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What Are Some Financial Options for Utah Students Seeking Higher Education?


The average college student in Utah graduates with more than $22,000 in student loan debt. One organization wants students to finance their schooling without taking on additional debt.

Tiffani and Brent Tolman live in a 400-square foot studio apartment on the outskirts of the Utah State University campus in Logan with their 1-year-old son Jack. The couple dreams of one day saving up enough money to purchase a home of their own, a reality that hinges upon Brent finishing his mechanical engineering degree. But despite having some scholarships, paying for school is a challenge for the young family.

“When you are a poor college student, especially with a family, you’re just trying to make it to that get-a-job point,” Tiffani Tolman said.                                                             

The cost of college tuition is a pressing issue for many undergraduate students. However, things have changed for the Tolmans since a friend shared her experience working with the Utah Individual Development Account Network, an asset-building program of the Fair Credit Foundation. The IDA program provides 3:1 matching funds for individuals living in Utah and saving to purchase a home, start a business or finance school.

“That just seems unreal,” Tolman said. “Like why would someone give you $4,500 dollars just because you’re learning to save? Utah is just really trying to kick start people and help them. But I think that’s the cool part. And I think the other thing is because you have to buy a home in Utah or start a business in Utah or take schooling in Utah, it’s just them taking the money and putting it back into our economy.”

The IDA program is funded through both public and private investments and aimed at supporting low to moderate income individuals. Those selected are required to participate in a financial management course and map a one to three year saving and spending plan with a financial counselor. The idea is that by giving people the tools and an incentive to save, they will build personal and financial capital. In other words, the IDA program helps people invest in their own future.

“It can be a huge help for people; it can be just that catalyst for change for them,” said Scott Bennett, state director for the Utah IDA program. “It brings in the financial education aspect to it and just establishing good financial habits.”

The coursework involves learning strategies for building good credit and saving that participants will need to thrive beyond the Utah IDA program.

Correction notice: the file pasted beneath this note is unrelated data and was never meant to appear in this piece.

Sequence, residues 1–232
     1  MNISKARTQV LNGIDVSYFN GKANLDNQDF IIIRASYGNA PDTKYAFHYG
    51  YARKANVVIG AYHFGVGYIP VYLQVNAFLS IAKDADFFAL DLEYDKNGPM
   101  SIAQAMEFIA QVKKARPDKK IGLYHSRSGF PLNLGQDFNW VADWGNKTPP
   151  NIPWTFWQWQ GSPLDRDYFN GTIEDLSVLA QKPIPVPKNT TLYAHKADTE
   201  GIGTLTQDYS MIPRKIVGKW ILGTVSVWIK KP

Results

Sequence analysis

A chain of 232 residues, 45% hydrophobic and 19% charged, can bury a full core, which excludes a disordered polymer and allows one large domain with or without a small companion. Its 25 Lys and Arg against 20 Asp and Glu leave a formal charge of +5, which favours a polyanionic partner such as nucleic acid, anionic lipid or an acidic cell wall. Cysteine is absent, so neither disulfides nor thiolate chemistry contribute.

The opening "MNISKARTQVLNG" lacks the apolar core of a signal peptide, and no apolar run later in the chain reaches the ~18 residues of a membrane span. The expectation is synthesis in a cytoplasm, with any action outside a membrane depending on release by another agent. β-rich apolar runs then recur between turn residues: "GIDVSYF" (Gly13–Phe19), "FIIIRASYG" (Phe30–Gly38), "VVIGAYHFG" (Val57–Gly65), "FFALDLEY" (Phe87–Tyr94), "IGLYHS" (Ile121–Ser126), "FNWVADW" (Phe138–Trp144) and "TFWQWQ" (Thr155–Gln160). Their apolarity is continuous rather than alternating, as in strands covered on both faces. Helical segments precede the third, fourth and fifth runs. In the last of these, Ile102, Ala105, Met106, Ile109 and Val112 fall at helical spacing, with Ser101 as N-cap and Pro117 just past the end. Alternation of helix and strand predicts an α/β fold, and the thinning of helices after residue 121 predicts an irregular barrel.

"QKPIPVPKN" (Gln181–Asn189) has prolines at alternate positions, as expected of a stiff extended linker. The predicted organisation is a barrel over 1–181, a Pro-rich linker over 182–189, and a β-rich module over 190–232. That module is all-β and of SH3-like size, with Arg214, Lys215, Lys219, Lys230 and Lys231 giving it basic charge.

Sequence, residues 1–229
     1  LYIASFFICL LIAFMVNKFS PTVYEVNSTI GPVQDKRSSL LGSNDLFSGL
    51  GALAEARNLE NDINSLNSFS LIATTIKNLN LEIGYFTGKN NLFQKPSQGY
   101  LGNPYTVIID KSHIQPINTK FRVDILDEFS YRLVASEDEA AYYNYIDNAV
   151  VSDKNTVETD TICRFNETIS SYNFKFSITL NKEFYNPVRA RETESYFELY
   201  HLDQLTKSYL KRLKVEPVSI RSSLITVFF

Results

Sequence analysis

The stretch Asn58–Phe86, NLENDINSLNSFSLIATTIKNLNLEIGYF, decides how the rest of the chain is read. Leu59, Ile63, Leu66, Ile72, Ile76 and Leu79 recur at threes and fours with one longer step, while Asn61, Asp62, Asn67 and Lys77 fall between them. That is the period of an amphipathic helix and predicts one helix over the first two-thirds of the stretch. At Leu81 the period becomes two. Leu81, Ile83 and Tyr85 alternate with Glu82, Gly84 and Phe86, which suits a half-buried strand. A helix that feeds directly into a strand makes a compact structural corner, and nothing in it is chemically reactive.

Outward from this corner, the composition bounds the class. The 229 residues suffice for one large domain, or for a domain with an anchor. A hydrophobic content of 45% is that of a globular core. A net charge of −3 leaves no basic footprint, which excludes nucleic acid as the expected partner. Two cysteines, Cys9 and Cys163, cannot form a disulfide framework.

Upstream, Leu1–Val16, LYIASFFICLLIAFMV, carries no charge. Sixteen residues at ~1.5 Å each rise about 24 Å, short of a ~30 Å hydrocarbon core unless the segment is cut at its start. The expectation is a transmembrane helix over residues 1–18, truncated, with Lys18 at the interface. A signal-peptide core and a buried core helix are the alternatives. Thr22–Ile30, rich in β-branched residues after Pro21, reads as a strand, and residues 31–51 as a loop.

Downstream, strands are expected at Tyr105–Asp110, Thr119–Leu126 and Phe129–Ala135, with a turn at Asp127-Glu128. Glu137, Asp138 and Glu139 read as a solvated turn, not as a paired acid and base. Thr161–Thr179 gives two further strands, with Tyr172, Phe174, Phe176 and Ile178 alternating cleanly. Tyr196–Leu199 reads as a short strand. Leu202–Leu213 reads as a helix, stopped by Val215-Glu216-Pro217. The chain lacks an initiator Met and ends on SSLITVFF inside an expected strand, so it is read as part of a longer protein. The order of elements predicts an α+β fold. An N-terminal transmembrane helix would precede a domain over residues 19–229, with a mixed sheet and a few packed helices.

It is not rocket science, but unless you have been shown how to do a lot of these things, sometimes we don't realize how easy it is until we see it in practice.

"It is not rocket science, but unless you have been shown how to do a lot of these things, sometimes we don't realize how easy it is until we see it in practice," Bennett said. “That three to one match that everyone comes to the program for is extremely helpful, but at the same time, that’s just a one-time benefit. Financial education is really what is sticking with them long term and what is really going to benefit them the most long term, because managing their funds means they are not going to nickel and dime themselves out of their budget every month."

About 1,000 people have benefited from the Utah IDA program since it started in 2004.  And Bennett says that past participants are actually less likely to default on loans, less likely to experience foreclosure—and we all benefit from that.

“This is not a handout,” Bennett said. “Sometimes when people think about benefit type programs, that’s definitely not what this is. This is a program where they are going to have to work for it, they are going to have to look at their own finances, maintain a budget, and set goals for themselves. All of the things that we make the people do while they are in the program are very intentional to help them improve their lives.”

Over the past decade, tuition has nearly doubled at some universities, including several in Utah, leaving many students wondering how they are going to pay for a degree many do not consider optional for their success. Bennett says that growing school debt is pushing out the time between students graduating and purchasing their first home—sometimes by years.

For Tiffani and Brent Tolman participating in the Utah IDA program has been a relief. It means they don’t have to take out another student loan and they are just that much closer to buying their own place.

“The fact that we get to be done with school and that we were are not going to have another student loan just means it is going to be so much smoother, so much less stressful, and we are just going to have more opportunities when he graduates,” Tolman said.